What can I say about the way the bike behaves on the road ? Well, so far I’ve had a blast.

Flat roads :
I ride a lot on a 3 km track east of Paris where there are lots of cyclists of all origins and profiles. You can ride very fast there. Riding with my previous bike (Specialized Roubaix) was exhausting because it was very mellow, hence a lot of energy was lost in between the legs and the wheels. Here, the bike reaction is instant : you push on the pedals, you go faster. It’s probably linked to the oversized down tube and the BB30. And it works. It works on the morale too, because now I know that if I can give a little push, the bike will bring me there. With my previous bike I knew I was going to have to suffer a lot for half the same result. I trust the bike like I could trust a horse. Not sure why but it is also great for drafting. When I’m in a peloton, sometimes I feel like I’m being pushed from behind. It’s an exciting feeling.

Cobblestones :
Steel is real ! I believe there is nowhere the superiority of steel is more apparent than on cobblestones. The bike is steady but doesn't kill you. You also don’t get that feeling of being ejected from the saddle which can occur sometimes. I had a Roubaix which was supposed to be the most comfy carbon frame on the market. It was good. Just not as good.

Mountain :
Before Washoe, when I felt bad on a climb, I used to feel like if I was dragging a fetlock. You know, carrying my fat ass up that mountain and try to make it to the other side. It’s still hard. I’m not a climber by any means although the mountain is my favorite terrain. But the difference is that I don’t feel let down by the bike. Here again, I can feel the bike react to every drop of energy I’m able to transmit. It’s re-assuring. Again, it’s good for morale. This summer I was sick for a few days and made the error of scheduling a long ride with multiple climbs as my come back. I suffered from high dehydration and was left powerless on the road. I carried on at my pace, stopping at every creek to sprinkle myself. I never, ever felt like the bike was betraying me, I kept moving forward, nothing was dragging me backwards as I had felt occasionally.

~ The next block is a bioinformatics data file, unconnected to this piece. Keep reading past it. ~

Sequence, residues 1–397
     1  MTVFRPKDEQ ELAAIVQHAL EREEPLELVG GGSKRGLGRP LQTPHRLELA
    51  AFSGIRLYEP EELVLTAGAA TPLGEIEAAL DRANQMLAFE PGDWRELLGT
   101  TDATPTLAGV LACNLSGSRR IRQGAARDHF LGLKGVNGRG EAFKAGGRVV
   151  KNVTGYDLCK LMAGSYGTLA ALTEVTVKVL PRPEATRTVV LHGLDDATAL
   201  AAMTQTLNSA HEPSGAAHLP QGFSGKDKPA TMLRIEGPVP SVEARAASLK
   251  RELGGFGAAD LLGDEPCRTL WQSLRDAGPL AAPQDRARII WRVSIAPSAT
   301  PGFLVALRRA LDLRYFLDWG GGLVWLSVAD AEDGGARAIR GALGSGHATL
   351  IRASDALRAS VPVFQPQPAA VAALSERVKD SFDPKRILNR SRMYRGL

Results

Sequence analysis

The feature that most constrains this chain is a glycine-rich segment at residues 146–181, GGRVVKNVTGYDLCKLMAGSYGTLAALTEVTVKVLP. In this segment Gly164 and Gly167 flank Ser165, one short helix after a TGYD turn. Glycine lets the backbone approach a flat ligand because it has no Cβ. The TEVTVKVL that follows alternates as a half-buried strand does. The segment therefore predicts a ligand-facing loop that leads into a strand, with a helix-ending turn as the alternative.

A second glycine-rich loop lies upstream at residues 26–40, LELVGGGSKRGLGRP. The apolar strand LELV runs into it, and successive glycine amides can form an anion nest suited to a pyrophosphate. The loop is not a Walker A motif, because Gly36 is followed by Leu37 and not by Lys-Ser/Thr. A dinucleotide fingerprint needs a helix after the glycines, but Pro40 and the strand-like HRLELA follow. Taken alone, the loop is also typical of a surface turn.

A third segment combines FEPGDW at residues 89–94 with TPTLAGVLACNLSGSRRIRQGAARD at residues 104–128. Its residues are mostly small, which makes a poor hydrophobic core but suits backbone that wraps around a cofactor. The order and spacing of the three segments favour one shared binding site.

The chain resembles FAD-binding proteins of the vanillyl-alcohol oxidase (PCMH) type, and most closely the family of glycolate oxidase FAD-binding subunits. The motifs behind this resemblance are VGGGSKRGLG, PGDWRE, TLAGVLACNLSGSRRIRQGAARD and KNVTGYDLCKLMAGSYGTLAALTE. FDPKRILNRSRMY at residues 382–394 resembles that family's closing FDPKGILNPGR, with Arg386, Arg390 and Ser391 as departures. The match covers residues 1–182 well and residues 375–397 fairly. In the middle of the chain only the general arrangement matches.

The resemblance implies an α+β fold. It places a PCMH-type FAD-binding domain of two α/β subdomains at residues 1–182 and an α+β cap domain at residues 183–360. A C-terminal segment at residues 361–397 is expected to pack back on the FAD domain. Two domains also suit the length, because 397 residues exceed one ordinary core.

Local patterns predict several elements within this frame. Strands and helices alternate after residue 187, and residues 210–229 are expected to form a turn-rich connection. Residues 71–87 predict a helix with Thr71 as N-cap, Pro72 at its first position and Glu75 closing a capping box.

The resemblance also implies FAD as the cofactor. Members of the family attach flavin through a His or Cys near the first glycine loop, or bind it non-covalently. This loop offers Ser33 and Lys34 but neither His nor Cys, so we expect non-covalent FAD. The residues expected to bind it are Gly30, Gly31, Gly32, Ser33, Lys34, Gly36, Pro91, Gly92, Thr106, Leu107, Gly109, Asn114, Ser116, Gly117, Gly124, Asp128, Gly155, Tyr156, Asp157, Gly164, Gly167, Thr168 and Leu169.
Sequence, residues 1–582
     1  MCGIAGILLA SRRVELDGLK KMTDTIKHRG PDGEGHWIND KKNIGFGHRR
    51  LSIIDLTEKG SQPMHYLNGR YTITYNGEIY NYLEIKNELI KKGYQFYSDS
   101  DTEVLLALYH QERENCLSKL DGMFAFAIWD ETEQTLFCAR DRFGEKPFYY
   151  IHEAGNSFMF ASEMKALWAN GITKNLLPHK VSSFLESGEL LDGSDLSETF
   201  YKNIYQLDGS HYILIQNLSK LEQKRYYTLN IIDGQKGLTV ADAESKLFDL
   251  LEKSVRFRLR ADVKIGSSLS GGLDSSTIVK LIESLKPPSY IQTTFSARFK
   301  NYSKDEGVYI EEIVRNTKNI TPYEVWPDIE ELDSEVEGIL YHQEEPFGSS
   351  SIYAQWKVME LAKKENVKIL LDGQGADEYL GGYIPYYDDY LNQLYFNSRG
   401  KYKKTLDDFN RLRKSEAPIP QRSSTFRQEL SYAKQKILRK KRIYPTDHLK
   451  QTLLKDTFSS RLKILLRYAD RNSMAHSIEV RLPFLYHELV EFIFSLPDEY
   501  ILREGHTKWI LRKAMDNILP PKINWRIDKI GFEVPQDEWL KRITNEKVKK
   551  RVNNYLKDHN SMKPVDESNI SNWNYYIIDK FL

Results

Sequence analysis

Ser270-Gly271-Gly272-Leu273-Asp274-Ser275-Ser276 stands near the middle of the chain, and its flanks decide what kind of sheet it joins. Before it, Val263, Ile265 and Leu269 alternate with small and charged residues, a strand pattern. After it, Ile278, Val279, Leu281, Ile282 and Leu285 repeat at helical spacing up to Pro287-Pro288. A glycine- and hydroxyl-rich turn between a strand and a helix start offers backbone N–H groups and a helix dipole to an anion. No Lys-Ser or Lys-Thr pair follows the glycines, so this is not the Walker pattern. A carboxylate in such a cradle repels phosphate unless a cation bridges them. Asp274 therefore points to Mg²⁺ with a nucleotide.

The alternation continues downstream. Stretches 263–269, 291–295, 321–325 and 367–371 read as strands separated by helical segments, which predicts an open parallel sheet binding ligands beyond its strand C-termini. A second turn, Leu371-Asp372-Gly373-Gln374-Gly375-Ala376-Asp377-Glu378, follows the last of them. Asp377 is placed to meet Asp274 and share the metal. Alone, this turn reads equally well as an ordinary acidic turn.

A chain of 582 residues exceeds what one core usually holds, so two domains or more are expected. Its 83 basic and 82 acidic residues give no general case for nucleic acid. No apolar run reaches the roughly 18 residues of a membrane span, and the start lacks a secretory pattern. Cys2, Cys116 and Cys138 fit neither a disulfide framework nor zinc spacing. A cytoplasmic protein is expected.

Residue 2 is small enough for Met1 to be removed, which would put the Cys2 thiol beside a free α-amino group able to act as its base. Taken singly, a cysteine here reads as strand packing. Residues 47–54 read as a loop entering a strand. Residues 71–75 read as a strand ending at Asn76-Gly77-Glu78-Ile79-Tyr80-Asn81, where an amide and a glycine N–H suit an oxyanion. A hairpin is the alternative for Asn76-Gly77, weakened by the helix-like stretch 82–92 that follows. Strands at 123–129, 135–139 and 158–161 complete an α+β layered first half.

Steering is awesome with Washoe. The bike is precise which makes descents more fun and relaxing. The Campy Zondas are not the best at steering, though. I tried Shimano RS21 with Washoe and they were better in that area. The Zondas make up for it as they are quite light and their output is way better. I guess you have to find the right combination for climbing and/or descending.

Overall, I think Washoe is close to being perfect for someone like me. It’s great fun, allows you to do so many different things and I feel like being a better rider. It is also great if, like me, you travel a lot with your bike in the trunk. I’m happy to report that, so far, it doesn’t have a scratch. If you’re the competitive type the only thing you’ll have to mind is the extra weight. Hardly noticeable on flat roads, I believe you can compensate with the right equipment for the climbs (at a cost, of course). 

It’ll be interesting to see what Greg comes up next with, especially if a carbon frame is in the works, but… For me, Washoe will be hard to beat.

Some call it a machine, some a beast. I didn’t understand why until I clicked my shoe into the pedals and started riding it. The Washoe is a beast. It’s a machine. It’s the perfect match for your body.